Welcome to Relationship Rehab, news.com.au’s weekly column solving all your romantic problems, no holds barred.
This week, our resident sexologist Isiah McKimmie helps a man who feels rejected by his wife.
QUESTION: I feel like I need to improve my sex life as it’s become stale and predictable. I’ve been reading up on how to make it better and was advised to use sex toys and maybe introduce some role play. The thing is, I tried to bring it up with my wife and she dismissed me right away saying she’s not interested in things like that. I felt a bit silly and now I’m reluctant to suggest anything else. What can I do to improve my sex life while also making my wife feel comfortable?
ANSWER: It’s really challenging when you have different desires around sex – whether that be in regard to the frequency, or variety. It becomes even harder when our partner struggles to talk about it.
I really want to acknowledge your courage in trying to address this. I can hear that you want to improve this because your relationship – and your wife – mean so much to you.
What science says about having great sex
Over the last 40 years, there have been several studies of couples who have thriving sex lives – and there’s a lot we can learn from them.
What’s clear from these couples is that great sex starts outside the bedroom.
Couples who have intimacy and passion in the bedroom also have a strong connection and friendship. They:
• Consider themselves good friends
• Say ‘I love you’ every day
• Cuddle with each other regularly
• Enjoy physical touch – without it leading anywhere
• Continue to play, laugh and have fun together
• Kiss passionately for no reason at all
• Have strong trust between them
• Go on regular dates
• Pay attention to each other’s needs
Research also shows that couples who maintain great sex lives also have things in common inside the bedroom – and it has little to do with sex toys, role play or different sex positions.
Couples who have incredible sex report:
• Being present and embodied during sex
• Being able to be authentic and uninhibited
• Having a strong emotional connection
• Feeling in-sync with each other in bed
• Feeling safe to take risks and have fun together
• Having great communication during sex
• Seeing sex as a transcendent (sometimes spiritual) experience
Variety and pleasure are also important, but they’re best added to a strong foundation.
Sex is vulnerable
Trying to raise this with your wife and being shut down is a painful experience that I think many others will relate to.
Sex is vulnerable.
I often hear people tell me that they feel:
• Shame at feeling rejected around sex
Shame at not being ‘good enough’ around sex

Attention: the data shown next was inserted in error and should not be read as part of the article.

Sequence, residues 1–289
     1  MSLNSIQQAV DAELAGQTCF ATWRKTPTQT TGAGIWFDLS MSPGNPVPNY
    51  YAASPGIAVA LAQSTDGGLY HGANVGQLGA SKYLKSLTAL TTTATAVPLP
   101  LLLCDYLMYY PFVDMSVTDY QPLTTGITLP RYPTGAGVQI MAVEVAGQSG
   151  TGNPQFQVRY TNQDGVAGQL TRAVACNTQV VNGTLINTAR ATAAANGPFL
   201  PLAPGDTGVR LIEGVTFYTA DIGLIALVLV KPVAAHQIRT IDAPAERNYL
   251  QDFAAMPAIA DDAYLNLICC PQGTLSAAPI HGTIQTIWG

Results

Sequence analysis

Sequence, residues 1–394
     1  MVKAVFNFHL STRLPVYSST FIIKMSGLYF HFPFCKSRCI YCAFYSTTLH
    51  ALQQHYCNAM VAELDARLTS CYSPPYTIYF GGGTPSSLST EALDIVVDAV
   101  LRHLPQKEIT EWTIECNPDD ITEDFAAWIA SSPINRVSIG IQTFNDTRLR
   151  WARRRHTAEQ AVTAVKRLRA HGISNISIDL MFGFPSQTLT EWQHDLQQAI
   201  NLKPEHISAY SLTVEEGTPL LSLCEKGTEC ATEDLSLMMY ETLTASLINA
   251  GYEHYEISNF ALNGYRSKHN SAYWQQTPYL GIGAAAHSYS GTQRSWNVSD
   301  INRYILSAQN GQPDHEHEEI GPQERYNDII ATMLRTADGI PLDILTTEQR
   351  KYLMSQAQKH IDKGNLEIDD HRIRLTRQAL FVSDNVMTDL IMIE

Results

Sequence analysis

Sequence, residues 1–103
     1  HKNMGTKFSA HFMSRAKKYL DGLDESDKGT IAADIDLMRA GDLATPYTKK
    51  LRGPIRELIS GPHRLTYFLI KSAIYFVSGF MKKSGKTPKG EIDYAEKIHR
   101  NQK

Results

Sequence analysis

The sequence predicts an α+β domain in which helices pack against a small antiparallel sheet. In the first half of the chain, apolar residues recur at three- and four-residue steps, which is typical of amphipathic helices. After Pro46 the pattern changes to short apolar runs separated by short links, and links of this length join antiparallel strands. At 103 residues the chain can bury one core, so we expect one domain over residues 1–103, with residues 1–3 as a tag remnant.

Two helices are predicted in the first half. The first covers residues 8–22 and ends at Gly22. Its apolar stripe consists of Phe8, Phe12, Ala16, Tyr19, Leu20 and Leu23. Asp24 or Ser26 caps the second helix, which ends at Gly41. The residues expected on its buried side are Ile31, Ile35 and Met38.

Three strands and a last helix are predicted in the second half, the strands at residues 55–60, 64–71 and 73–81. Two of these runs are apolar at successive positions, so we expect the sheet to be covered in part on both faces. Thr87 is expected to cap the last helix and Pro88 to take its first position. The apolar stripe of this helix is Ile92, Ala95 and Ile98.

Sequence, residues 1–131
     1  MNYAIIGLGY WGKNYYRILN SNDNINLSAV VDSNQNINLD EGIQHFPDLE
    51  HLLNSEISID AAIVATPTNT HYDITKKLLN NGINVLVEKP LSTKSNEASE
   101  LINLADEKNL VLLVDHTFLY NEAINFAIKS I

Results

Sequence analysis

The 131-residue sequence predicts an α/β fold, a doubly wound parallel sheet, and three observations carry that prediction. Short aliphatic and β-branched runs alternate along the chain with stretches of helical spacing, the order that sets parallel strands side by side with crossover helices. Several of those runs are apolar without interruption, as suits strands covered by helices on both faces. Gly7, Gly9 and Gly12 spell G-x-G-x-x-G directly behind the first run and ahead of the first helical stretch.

• Guilt that they’re not pleasing their partner
• Fear that they won’t be able to get it right
• Worry that differences in desire will ruin their relationship
• Embarrassment in even talking about sex
My guess is that’s why you feel ‘silly’ having raised this. And, your wife probably felt a whole mix of these emotions when you made your suggestions.
What you can do
You didn’t do anything wrong by trying talk about this.
It’s actually helpful to talk about sex, but you might need to do this gently and sensitively with your wife.
Based on thousands of conversations I’ve helped couples have about sex, there are a few things I imagine your wife needs to hear to support her to feel more open and comfortable about this:
1. You love her aside from sex
She needs to know that sex isn’t the only reason you love her and want to be close to her. I know this might seem obvious to you, but it probably isn’t for her. (Trust me on this.)
2. You want to be close to her without it needing to lead to sex
Again, it might be obvious to you, but not to her.
3. You enjoy your sex life as it is right now
Hearing that it is enjoyable right now can help reduce the shame and guilt she might feel.
4. You want this because you want to feel closer to her
5. You’re happy to take it slow and only do things she’s comfortable with
It can take time for you both to feel comfortable addressing this. You can also consider writing this in a letter to her or asking if she would be happy to see a therapist to help guide the conversation.
Isiah McKimmie is a couples therapist, sexologist, sex therapist and lecturer. To book a session with her, visit her website or follow her on Instagram for more advice on relationships, sex and intimacy. If you have a question for Isiah, email firstname.lastname@example.org
Read related topics:Isiah McKimmieSex Advice